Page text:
Atheism was not particularly attractive to the Israelite people in ancient times. They were convinced that only fools would be so spirituallyignorant as to deny the existence of a supreme being (Pss. 14:1; 53:1). For the people of God, the fear of the Lord was the beginning of wisdom and knowledge (Ps. 111:10; Prov. 1:7; 9:10). But if the Israelites did not doubt that there was at least one God, the nations on theirorders faced them with the tantalizing possibility that there might be more than one. Egypt, Phoenicia, Aram, Ammon, Moab, Edom, theseand other nations were polytheistic, henotheistic, or monolatrous throughout their history in ancient times. One of the questions raised bythe OT is whether Israel would remain monotheistic or be attracted by the religious options preferred by its pagan neighbors.Students of comparative religion have suggested that the religions of mankind evolved from lower stages to ever higher stages, the highest of all being monotheism. They have proposed that Israelite religion began as animism, the belief that every natural object is inhabited by asupernatural spirit. After animism, we are told, the idea developed in Israel that some spirits were more powerful than others and deservedto be called "gods." Eventually the most powerful of all became preeminent above the others, and the people believed in his supremeauthority and worshipped him alone. Finally, Israel became willing to admit that the lesser gods had no existence whatever. Comparativereligion, then, often teaches that Israel's religion underwent a process of evolution from animism to polytheism to henotheism tomonotheism.But it cannot be shown that polytheistic religions always gradually reduce the number of their gods, finally arriving at only one. Forexample, there are innumerable Hindu deities (estimates range from several hundred thousand to 800 million, depending on how deity isdefined), and the number seems actually to be increasing. Since a religion may add more and more deities as it followers become aware of more and more natural phenomena to deify, it is just as plausible to assume that polytheism is the end product of evolution from an originalmonotheism as it is to assume the reverse.(Elwell Evangelical Dictionary)
Monotheism (from the Greek monos "only", and theos "god") is a word coined in comparatively modern times to designate belief in the onesupreme God, the Creator and Lord of the world, the eternal Spirit, All-powerful, All-wise, and All-good, the Rewarder of good and thePunisher of evil, the Source of our happiness and perfection. It is opposed to Polytheism, which is belief in more gods than one, and toAtheism, which is disbelief in any deity whatsoever. In contrast with Deism, it is the recognition of God's presence and activity in every partof creation. In contrast with Pantheism, it is belief in a God of conscious freedom, distinct from the physical world. Both Deism andPantheism are religious philosophies rather than religions.On the other hand, Monotheism, like Polytheism, is a term applying primarily to a concrete system of religion. The grounds of reasonunderlying monotheism have already been set forth in the article GOD. These grounds enable the inquiring mind to recognize the existenceof God as a morally certain truth. Its reasonableness acquires still greater force from the positive data associated with the revelation of Christianity. (See REVELATION.)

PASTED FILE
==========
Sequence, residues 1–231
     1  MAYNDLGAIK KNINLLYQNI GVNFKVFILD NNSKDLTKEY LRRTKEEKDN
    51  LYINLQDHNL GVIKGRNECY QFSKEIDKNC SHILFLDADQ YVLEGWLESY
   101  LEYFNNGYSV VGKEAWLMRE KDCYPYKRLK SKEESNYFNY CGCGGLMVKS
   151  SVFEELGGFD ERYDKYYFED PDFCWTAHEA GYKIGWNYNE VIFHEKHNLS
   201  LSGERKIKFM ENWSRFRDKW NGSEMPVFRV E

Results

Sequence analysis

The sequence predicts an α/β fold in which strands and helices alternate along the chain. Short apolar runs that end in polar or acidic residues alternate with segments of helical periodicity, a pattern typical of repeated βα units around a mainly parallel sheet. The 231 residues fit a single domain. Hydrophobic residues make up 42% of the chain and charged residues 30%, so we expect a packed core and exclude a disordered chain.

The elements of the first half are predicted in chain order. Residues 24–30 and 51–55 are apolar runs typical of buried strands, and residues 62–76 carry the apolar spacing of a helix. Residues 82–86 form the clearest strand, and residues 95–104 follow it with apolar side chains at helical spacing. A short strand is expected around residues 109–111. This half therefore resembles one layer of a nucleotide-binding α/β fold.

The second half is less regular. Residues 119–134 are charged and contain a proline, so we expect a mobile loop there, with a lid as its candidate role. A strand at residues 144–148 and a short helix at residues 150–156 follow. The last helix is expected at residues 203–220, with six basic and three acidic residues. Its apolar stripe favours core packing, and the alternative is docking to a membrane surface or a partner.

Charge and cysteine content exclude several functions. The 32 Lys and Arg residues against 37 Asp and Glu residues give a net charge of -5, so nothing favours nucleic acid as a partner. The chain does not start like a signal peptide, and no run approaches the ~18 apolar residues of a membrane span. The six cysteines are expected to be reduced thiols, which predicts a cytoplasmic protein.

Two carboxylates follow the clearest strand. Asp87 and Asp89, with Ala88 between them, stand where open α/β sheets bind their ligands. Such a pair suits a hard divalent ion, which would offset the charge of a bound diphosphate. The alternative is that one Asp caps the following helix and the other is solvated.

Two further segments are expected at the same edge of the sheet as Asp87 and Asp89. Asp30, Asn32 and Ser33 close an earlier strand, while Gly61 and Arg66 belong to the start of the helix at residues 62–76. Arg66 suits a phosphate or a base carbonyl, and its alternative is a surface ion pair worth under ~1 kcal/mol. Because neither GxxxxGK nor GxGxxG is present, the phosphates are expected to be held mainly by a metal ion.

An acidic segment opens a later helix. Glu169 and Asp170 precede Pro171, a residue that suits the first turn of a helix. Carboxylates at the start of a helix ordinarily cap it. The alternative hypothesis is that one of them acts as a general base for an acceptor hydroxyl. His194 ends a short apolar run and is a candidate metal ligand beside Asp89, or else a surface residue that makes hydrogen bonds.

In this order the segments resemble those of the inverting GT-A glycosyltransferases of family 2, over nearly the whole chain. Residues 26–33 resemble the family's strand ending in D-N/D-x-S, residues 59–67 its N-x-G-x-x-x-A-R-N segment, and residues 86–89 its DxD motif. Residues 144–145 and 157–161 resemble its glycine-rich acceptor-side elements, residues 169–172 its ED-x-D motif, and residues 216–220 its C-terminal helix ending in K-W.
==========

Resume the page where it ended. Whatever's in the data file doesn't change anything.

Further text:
PRIMITIVE MONOTHEISMWas monotheism the religion of our first parents? Many Evolutionists and Rationalist Protestants answer No. Rejecting the very notion of positive, Divine revelation, they hold that the mind of man was in the beginning but little above that of his ape-like ancestors, and henceincapable of grasping so intellectual a conception as that of Monotheism.They assert that the first religious notions entertained by man in his upward course towards civilization were superstitions of the grossestkind. In a word, primitive man was, in their opinion, a savage, differing but little from existing savages in his intellectual, moral, andreligious life. Catholic doctrine teaches that the religion of our first parents was monotheistic and supernatural, being the result of Divinerevelation. Not that primitive man without Divine help could not possibly have come to know and worship God. The first man, like hisdescendants today, had by nature the capacity and the aptitude for religion. Being a man in the true sense, with the use of reason, he had thetendency then, as men have now, to recognize in the phenomena of nature the workings of a mind and a will vastly superior to his own. But,as he lacked experience and scientific knowledge, it was not easy for him to unify the diverse phenomena of the visible world. Hence he wasnot without danger of going astray in his religious interpretation of nature. He was liable to miss the important truth that, as nature is aunity, so the God of nature is one. Revelation was morally necessary for our first parents, as it is for men today, to secure the possession of true monotheistic belief and worship. The conception that Almighty God vouchsafed such a revelation is eminently reasonable to everyonewho recognizes that the end of man is to know, love, and serve God. It is repugnant to think that the first generations of men were left togrope in the dark, ignorant alike of the true God and of their religious duties, while at the same time it was God's will that they should knowand love Him. The instruction in religion which children receive from their parents and superiors, anticipating their powers of independentreasoning, and guiding them to a right knowledge of God, being impossible for our first parents, was not without a fitting substitute. Theywere set right from the first in the knowledge of their religious duties by a Divine revelation. It is a Catholic dogma, intimately connectedwith the dogma of original sin and with that of the Atonement, that our first parents were raised to the state of sanctifying grace and weredestined to a supernatural end, namely, the beatific vision of God in heaven. This necessarily implies supernatural faith, which could comeonly by revelation.Nor is there anything in sound science or philosophy to invalidate this teaching that Monotheistic belief was imparted by God to primitiveman. While it may be true that human life in the beginning was on a comparatively low plane of material culture, it is also true that the firstmen were endowed with reason, i.e., with the ability to conceive with sufficient distinctness of a being who was the cause of the manifoldphenomena presented in nature. On the other hand, a humble degree of culture along the lines of art and industry is quite compatible withright religion and morality, as is evident in the case of tribes converted to Catholicism in recent times; while retaining much of their rudeand primitive mode of living, they have reached very clear notions concerning God and shown remarkable fidelity in the observance of Hislaw. As to the bearing of the Evolutionistic hypothesis on this question, see FETISHISM. It is thus quite in accordance with the accreditedresults of physical science to maintain that the first man, created by God, was keen of mind as well as sound of body, and that, throughDivine instruction, he began life with right notions of God and of his moral and religious duties. This does not necessarily mean that hisconception of God was scientifically and philosophically profound. Here it is that scholars are wide of the mark when they argue thatMonotheism is a conception that implies a philosophic grasp and training of mind absolutely impossible to primitive man.The notion of the supreme God needed for religion is not the highly metaphysical conception demanded by right philosophy. If it were, butfew could hope for salvation. The God of religion is the unspeakably great Lord on whom man depends, in whom he recognizes the source of his happiness and perfection; He is the righteous Judge, rewarding good and punishing evil; the loving and merciful Father, whose ear is